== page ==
* ... " The robotic X-37B space plane launched atop a United Launch Alliance Atlas V rocket today (May 20) at 11:05 a.m. EDT (1505 GMT) from Florida's Cape Canaveral Air Force Station. You can see a video of the X-37B space plane's launch at http://bit.ly/1dmH4qA
Most details about the space plane's orbital activities are classified, so it's unclear what exactly the X-37B will be doing as it zooms around Earth, or how long it will remain aloft. But Air Force officials have said that mission number four — known as Orbital Test Vehicle-4 (OTV-4) — will concentrate less on the X-37B itself and more on the gear the spacecraft is carrying to orbit.
... Also on board the Atlas V were 10 miniscule "cubesats," including the LightSail solar sail that was developed by the nonprofit Planetary Society. LightSail aims to prove out key solar-sailing technology ahead of a more ambitious orbital trial next year.
The Air Force owns two X-37B spacecraft, both of which were built by Boeing's Phantom Works division. Each space plane is just 29 feet long by 9.5 feet tall (8.8 by 2.9 meters), with a wingspan of 15 feet (4.6 m) and a payload bay the size of a pickup-truck bed. To put those dimensions into perspective, both X-37Bs could fit inside the payload bay of NASA's now-retired space shuttle orbiter.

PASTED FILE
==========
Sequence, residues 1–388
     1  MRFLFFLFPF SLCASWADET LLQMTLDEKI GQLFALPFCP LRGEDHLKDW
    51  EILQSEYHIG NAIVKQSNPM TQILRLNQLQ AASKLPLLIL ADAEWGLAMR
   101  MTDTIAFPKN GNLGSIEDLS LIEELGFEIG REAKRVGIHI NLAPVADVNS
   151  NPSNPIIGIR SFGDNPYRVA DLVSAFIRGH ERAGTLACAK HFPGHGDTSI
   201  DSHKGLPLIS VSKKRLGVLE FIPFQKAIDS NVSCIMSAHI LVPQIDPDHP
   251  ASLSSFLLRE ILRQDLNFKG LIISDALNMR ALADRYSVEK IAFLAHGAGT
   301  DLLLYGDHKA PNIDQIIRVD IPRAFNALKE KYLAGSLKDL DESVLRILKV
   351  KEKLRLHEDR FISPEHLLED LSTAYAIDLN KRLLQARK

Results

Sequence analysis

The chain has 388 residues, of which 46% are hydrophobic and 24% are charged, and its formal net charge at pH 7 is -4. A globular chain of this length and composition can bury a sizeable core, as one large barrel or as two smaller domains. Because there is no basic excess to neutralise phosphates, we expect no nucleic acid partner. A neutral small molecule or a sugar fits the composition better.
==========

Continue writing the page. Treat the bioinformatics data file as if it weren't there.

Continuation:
The X-37B launches vertically and lands horizontally, on a runway, as the space shuttle did.
The secrecy surrounding X-37B missions has led to speculation in some quarters that the craft is some sort of space weapon — that it's designed to inspect and/or cripple hostile nations' satellites, for example. But Air Force officials have long refuted that notion, saying the X-37B is simply testing out technologies for reusable vehicles and future spacecraft. ..."